Principles of Detection and Characterization of Branching in Synthetic and Natural Polymers by MALS

Jun 06, 2014

Branching is an important structural parameter of many synthetic and natural polymers. It can influence the mechanical and thermodynamic properties of polymers, and also affect the viscosity and rheological behaviour of polymer solutions and melts. Quantitative data about branching topology is therefore vital to understanding polymerization processes and the development of novel polymer-based materials with enhanced properties. Multi-angle light scattering (MALS) is one analytical technique that can be performed to identify branching in macromolecules. This article provides insight into the basic principles of this technique, and how it can be applied to the detection and characterization of branching.

Branching is widely recognized as relevant to synthetic polymers, but has more recently become relevant to natural polymers. For example, hyaluronic acid, an important biopolymer with numerous medical and pharmaceutical applications, was believed to have a linear structure until multi-angle light scattering (MALS) analysis proved otherwise.1

Full characterization of branching requires the coupling of a separation device to separate molecules of varying size over a period of time; and an analytical detector to determine molecular properties such as molar mass, size, or branching ratio. This coupling allows the detector to characterize each size fraction individually to obtain a complete and accurate distribution.

The most common method of separating polymers in solution is gel permeation or size-exclusion chromatography (GPC/SEC). SEC–MALS is a well-established technique for the absolute characterization of typical polymers; however, large and highly branched polymers can exhibit abnormal conformation plots in SEC.5 An alternative method is asymmetrical flow field-flow fractionation (AF4) coupled with MALS. AF4 does not require the diffusion of molecules in and out of a porous solid phase, and is therefore not subject to the "anchoring" mechanism that leads to abnormal elution behaviour. AF4–MALS is therefore ideal for the separation of large and highly branched macromolecules. MALS provides the required quantitative information about branching topology.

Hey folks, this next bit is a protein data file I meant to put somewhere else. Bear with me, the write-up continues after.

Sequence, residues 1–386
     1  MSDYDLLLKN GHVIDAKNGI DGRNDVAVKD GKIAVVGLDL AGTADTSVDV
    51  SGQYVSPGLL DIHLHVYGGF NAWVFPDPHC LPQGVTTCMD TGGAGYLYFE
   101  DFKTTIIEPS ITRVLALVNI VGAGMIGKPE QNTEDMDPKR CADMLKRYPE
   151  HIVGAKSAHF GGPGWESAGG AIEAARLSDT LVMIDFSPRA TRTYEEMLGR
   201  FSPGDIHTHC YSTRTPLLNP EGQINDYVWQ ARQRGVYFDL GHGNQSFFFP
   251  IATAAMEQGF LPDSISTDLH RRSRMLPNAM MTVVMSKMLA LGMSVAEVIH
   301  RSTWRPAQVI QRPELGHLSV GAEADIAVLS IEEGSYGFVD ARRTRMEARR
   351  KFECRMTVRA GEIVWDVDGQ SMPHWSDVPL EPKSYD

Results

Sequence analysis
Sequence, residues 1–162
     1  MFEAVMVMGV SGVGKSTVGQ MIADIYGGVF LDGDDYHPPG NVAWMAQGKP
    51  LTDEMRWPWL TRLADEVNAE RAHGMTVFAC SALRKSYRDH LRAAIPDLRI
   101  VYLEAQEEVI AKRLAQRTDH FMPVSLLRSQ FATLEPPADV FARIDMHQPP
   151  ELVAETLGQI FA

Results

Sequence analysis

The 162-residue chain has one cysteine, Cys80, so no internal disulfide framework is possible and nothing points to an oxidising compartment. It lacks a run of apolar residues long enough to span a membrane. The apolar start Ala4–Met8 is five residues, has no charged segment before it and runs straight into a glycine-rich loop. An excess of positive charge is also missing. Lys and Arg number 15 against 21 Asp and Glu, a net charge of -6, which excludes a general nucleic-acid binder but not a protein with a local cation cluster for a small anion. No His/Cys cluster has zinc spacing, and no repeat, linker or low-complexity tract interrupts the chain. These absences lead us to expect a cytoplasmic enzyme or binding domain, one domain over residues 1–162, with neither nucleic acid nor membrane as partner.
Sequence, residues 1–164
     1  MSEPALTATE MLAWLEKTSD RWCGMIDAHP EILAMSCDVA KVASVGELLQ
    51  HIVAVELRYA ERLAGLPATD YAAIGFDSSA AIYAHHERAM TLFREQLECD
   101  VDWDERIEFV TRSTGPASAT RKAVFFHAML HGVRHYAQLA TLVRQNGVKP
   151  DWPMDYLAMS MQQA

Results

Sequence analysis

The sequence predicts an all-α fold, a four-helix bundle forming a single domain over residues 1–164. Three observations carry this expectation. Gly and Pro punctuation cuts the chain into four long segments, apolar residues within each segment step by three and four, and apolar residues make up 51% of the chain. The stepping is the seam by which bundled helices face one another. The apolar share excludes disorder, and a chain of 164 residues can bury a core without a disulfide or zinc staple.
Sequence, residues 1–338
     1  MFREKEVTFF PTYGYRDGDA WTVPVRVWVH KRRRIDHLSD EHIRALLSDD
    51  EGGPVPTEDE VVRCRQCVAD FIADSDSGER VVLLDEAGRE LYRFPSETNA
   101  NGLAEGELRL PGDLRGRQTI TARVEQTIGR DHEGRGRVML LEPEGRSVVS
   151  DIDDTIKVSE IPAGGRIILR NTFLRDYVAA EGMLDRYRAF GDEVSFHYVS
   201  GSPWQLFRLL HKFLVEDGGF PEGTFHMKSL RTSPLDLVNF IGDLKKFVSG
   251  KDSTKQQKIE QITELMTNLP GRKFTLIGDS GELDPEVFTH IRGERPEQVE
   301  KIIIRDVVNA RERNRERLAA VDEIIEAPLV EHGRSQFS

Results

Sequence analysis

The Theory Behind Branching

The development of quantitative branching analysis began in 1949 when Zimm and Stockmayer2 introduced the theoretically derived "branching ratio" (g):

R2 is the mean square radius of branched and linear macromolecules having the same molar mass (M). R and M are both determined independently of MALS. A differential refractive index (dRI) detector is used for measuring concentration. The branching ratio (g) is directly related to the number of branch units in randomly branched polymers or to the number of arms in star-branched polymers.2 In general, g ≤ 1 where the equality sign stands for linear polymers. Lower values of g tend to correspond to higher degrees of branching. For example: g ≈ 0.1–0.2 indicates a highly branched structure.

Ten years after the definition of g by Zimm and Stockmayer, Zimm and Kilb3 introduced an alternative branching ratio based on intrinsic viscosity: